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Figure 2 SEM-EDX (a, b, e) and mapping images (Pt (c), C (d)) of Pt/CNT catalyst.

Table 1 Atomic element composition of Pt/CNT catalyst.

TEM examined the morphology of the Pt/CNT catalyst. Figure 3 shows pictures of Pt/CNT in TEM with a particle-size histogram. Measurements were taken at 100, 200, and 500 nm for the Pt/CNT catalyst, respectively. The diagram shows that the metals were observed to be evenly distributed on the CNT surface. For the Pt/CNT catalyst, the average fleck size obtained using ImageJ software was 13 nm.

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Figure 3 TEM images and particle size of the Pt/CNT catalyst.

3.2 Hydrolysis Experiments of Pt/CNT Catalyst

Hydrolysis tests were carried out at 30°C with 50 mg of Pt/CNT catalyst in 0.26 M sodium borohydride solution to study the hydrogen generation rate of carbon nanotube-supported Pt catalyst at different atomic ratios (0.5 percent, 1 percent, 7%, 10%, and 20%). The resulting hydrogen gas was collected in a gas burette using a water trap. Volumes of hydrogen gas were recorded at specified time intervals. Hydrogen production rates obtained using different ratios of Pt catalyst supported by carbon nanotubes are given in Figure 4. Although the initial rate of 20% Pt/CNT catalyst is higher than the initial rate of 7% Pt/CNT catalyst in the graph, 7% Pt/CNT is preferred. In addition, the 7% Pt catalyst showed better catalytic activity than the 10% Pt catalyst because one study aims to synthesize catalysts by reducing the use of precious noble metals.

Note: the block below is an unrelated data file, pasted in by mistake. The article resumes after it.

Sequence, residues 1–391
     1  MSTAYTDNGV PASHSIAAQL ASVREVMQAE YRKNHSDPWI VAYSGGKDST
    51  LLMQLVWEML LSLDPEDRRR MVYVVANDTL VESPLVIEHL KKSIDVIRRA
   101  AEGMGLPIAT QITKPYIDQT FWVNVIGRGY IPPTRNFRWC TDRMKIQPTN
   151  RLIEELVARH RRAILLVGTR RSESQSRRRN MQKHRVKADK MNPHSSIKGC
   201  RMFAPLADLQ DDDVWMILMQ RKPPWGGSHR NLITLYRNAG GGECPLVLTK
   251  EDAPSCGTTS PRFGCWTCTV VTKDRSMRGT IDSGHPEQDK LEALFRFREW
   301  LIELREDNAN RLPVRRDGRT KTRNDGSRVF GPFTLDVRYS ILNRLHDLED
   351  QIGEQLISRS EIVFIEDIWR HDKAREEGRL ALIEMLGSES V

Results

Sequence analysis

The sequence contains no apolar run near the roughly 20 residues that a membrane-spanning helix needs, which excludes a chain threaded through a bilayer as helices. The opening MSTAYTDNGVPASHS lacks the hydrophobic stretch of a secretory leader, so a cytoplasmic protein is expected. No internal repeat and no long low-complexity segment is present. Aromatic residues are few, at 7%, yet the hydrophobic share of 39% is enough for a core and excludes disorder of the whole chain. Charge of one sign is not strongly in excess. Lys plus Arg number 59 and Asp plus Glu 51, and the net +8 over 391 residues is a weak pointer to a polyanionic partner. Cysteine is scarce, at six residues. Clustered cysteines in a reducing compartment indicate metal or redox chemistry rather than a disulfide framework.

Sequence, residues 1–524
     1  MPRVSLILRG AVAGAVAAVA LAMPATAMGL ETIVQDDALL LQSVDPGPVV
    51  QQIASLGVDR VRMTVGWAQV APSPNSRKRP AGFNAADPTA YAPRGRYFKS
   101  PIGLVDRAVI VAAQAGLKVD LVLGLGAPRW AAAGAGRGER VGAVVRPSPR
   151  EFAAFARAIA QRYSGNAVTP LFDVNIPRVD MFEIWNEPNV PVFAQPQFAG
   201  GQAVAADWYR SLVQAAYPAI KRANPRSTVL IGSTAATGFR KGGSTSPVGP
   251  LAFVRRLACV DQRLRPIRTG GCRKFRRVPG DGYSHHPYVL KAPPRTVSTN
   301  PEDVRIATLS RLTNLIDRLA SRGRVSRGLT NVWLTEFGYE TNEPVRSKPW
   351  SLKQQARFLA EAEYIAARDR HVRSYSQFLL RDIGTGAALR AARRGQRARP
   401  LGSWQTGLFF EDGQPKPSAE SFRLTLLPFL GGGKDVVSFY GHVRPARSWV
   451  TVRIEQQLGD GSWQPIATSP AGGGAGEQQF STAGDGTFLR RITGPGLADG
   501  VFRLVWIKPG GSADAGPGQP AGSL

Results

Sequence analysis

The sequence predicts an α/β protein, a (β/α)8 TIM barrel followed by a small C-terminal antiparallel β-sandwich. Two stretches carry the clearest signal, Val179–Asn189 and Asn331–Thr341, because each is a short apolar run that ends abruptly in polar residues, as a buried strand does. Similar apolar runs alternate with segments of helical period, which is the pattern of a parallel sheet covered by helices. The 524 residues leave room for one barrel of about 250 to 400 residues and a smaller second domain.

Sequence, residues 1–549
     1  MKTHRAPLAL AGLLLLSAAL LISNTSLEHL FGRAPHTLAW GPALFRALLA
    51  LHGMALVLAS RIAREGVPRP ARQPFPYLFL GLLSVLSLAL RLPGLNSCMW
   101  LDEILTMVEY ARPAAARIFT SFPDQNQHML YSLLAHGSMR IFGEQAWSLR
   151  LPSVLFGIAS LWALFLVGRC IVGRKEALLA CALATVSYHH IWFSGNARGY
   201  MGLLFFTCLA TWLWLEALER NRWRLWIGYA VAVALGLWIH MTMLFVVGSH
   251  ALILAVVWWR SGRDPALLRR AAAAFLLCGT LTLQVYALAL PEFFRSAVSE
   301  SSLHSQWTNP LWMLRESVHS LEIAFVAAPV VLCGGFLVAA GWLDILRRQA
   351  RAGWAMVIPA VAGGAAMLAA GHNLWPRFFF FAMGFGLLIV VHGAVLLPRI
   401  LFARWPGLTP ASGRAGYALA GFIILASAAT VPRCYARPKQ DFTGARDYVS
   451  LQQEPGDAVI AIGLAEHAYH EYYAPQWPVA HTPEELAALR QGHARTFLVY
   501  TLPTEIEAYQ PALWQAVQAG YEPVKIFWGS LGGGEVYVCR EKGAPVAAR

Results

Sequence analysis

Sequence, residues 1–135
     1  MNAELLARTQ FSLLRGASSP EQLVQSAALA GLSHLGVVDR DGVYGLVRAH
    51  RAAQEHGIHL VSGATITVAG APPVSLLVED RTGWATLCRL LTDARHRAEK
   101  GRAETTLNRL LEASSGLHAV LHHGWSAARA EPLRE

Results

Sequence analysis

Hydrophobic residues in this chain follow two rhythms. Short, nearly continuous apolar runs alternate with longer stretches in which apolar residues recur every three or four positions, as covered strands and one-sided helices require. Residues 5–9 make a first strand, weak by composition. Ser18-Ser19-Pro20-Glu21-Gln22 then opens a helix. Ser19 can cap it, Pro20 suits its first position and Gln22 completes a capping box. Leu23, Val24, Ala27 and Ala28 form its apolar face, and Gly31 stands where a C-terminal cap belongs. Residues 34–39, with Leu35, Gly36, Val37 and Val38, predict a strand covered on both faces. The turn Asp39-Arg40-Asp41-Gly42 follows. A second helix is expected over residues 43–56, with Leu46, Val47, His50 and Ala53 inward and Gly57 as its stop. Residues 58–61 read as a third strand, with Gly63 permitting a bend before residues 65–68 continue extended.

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Figure 4 Graph of initial rate depending on different rates of Pt loading to the CNT.

The pace at which the reaction proceeds can be represented as catalytic activity. In general, as the temperature rises, so does activity. Other reaction variables, on the other hand, have an impact on the reaction rate. As a result, the effects of several parameters on the reaction rate, such as NaOH mass, NaBH4 mass, and catalyst quantity, were examined.

3.2.1 Sodium Hydroxide Concentration Effect

To study the effect of sodium hydroxide mass on the pace of hydrogen generation, hydrolysis tests were carried out at 30°C in the presence of 50 mg of 7% Pt/CNT catalyst in 0.26 M sodium borohydride solution and at various sodium hydroxide (NaOH) concentrations (0 percent, 1 percent, 3 percent and 5 percent by weight). The time-dependent graph of hydrogen production in the 0-5% NaOH concentration range is given in Figure 5. As shown in the figure, hydrogen generation decreases as the NaOH concentration increases. Despite this reduction, we used 1% by weight of NaOH in the experiments. The main reason for this is that NaOH prevents the self-hydrolysis of NaBH4. Efficacy experiments affecting hydrolysis were performed in the presence of 1% NaOH concentration.

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Figure 5 Effect of NaOH concentration on hydrogen generation from NaBH4 with 7% Pt/CNT catalyst.

3.2.2 Sodium Borohydride Concentration Effect